We do a three-verse hymn -- Antiphon (K.P.), verse (from a metrical psalter, corresponding to verse in Grad. Rom.), Doxology. Its, not 'antiphonal', but it works. We use CONDITOR ALME during Advent; JESU DULCIS during Lent; VOM HIMMEL HOCH, Christmas; DUKE STREET, Easter and Solemnities of the Lord; and alternate OLD HUNDREDTH, TALLIS' CANON, and WAREHAM during Ordinary Time.
  • ronkrisman
    Posts: 1,300
    Welcome, roy2!
    Thanked by 2StimsonInRehab roy2
  • are both the organ and the cantor small?


    I shudder at the thought of being the Incredible Shrinking Organist. The Incredible Shrinking Man only had to deal with oversized spiders and cats, never with the Amazing Colossal Diva.

    Annnnnnnd I just broke Rule 7 again! #habitualoffender
  • Back on-topic: Kathy, I've been considering starting singing propers for all of our OF masses starting Advent. Here's the way I was incorporating your work: we have a solo voice, a cappella, sing the antiphon to the hymn tune, which segues into the hymn with full choir and organ afterwards. Does anyone else do it this way?
  • CCoozeCCooze
    Posts: 726
    That sounds like something that takes quite some time.

    We tend to use these a bit in Advent.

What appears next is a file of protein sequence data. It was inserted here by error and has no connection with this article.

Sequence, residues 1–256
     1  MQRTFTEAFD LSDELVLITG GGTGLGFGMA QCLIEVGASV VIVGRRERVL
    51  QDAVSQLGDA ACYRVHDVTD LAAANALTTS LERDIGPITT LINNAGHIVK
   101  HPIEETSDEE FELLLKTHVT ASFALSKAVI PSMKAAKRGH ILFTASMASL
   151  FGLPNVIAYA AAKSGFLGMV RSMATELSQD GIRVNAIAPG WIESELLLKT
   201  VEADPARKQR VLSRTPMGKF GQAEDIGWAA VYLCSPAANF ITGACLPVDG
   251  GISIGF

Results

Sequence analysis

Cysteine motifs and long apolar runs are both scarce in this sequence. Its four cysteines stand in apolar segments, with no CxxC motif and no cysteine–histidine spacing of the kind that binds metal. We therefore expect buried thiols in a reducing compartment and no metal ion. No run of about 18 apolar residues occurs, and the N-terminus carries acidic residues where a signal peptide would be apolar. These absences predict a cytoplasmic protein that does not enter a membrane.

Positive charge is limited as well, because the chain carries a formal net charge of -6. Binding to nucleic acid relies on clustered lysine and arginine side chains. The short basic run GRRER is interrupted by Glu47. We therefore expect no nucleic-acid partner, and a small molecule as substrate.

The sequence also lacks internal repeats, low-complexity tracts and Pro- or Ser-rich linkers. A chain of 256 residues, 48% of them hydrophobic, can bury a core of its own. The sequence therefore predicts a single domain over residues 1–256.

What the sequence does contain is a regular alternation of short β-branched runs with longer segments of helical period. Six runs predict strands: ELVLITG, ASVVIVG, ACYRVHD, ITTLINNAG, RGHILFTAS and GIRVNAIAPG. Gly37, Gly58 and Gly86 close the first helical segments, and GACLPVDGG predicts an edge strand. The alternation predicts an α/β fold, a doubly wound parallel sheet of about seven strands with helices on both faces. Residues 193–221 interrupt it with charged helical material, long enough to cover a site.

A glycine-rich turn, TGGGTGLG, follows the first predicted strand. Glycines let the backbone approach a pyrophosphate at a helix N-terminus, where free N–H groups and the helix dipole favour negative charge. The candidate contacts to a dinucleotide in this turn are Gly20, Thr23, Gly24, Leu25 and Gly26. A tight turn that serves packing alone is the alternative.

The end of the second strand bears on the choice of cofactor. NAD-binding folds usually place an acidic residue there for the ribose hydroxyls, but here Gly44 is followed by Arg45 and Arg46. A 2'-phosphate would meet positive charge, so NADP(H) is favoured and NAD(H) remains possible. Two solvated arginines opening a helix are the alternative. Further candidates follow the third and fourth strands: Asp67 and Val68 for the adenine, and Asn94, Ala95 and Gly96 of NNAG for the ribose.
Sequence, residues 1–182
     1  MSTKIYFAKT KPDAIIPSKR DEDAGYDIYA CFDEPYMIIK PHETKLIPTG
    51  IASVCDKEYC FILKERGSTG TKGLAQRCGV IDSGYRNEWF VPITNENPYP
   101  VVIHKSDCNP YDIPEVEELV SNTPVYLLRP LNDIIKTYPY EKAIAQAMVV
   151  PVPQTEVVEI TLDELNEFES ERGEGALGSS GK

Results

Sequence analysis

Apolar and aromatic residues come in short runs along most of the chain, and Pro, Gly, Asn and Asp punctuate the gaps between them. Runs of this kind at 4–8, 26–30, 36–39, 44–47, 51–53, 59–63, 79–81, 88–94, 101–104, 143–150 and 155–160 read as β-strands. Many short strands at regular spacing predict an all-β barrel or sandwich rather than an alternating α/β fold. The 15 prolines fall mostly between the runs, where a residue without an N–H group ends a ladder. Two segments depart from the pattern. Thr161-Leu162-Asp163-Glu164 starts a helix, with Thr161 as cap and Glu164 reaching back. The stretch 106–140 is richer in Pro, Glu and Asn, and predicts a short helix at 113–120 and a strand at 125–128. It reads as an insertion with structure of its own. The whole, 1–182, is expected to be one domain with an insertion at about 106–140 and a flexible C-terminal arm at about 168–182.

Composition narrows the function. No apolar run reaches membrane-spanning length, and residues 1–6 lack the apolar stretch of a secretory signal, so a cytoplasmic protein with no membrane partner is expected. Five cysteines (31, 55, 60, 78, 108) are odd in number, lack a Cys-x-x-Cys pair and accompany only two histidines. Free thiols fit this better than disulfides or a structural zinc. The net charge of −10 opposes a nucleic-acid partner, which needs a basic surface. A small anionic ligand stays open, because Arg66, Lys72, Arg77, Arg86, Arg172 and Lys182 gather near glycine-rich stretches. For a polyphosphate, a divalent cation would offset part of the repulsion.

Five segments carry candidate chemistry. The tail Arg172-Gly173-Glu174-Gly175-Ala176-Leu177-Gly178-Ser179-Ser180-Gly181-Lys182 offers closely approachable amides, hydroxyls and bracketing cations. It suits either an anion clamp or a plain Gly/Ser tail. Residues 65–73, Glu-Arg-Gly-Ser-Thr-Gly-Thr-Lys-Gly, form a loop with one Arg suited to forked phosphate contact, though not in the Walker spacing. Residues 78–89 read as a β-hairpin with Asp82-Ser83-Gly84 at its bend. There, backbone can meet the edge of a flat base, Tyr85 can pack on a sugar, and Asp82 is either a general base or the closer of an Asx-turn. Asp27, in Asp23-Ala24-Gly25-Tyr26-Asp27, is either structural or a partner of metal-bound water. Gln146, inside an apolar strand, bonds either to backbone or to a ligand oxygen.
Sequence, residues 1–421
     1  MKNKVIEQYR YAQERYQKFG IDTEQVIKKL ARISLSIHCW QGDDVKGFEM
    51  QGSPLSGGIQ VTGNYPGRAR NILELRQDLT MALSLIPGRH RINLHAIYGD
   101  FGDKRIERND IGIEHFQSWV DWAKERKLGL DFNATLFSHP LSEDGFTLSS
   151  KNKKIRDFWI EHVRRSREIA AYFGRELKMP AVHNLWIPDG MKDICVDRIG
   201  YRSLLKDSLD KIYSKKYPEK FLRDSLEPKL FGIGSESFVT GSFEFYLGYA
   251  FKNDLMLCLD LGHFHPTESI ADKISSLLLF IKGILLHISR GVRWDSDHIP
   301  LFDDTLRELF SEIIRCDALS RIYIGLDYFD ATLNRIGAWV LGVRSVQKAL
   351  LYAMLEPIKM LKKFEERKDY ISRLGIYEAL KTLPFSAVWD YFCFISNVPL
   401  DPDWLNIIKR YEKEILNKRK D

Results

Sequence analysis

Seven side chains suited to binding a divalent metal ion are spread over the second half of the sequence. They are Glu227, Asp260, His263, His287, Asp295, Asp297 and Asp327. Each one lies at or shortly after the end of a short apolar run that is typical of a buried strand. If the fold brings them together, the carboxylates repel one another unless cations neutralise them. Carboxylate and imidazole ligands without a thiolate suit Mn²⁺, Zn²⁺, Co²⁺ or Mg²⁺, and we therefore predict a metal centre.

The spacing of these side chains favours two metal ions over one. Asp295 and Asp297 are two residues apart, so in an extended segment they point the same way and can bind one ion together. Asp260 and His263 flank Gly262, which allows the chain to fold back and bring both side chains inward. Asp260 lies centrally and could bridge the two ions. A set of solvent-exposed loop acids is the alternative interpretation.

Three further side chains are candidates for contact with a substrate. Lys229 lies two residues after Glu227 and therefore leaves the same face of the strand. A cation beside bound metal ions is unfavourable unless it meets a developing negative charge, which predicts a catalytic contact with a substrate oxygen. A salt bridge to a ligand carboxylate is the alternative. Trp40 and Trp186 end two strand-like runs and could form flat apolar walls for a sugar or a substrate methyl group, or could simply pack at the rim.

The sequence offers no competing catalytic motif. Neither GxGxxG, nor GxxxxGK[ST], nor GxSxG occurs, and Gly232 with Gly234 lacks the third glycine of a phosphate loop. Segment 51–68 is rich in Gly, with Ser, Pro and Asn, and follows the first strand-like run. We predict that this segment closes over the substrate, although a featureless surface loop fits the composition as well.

Hymn-tune introit (pew-copies have only the antiphon), choral verse + Gloria Patri (schola-only), repeat hymn-tune introit for the day. Sometimes we may sing the GP as a separate verse after the repeated antiphon, but that's normally enough time.
  • CharlesW
    Posts: 9,721
    We do communion propers but introits wouldn't work so well. Too many in my choir think the Gloria is an entrance hymn. Some feel honor bound to not show up until it's over. By the first reading the full choir is in the loft.
  • Kathy
    Posts: 4,987
    This is fantastic feedback! I think it's marvelous that you have found what I feel is this resources greatest offering: flexibility.
  • CCoozeCCooze
    Posts: 726
    Charles, if you sang the introit (especially as something not congregational), perhaps they'd think otherwise?

    When the first thing solely belonging to the choir is the offertory or somesuch, I'm not sure what the point is of being in the choir loft, either. (I don't mean this as a slight to you, in any way.)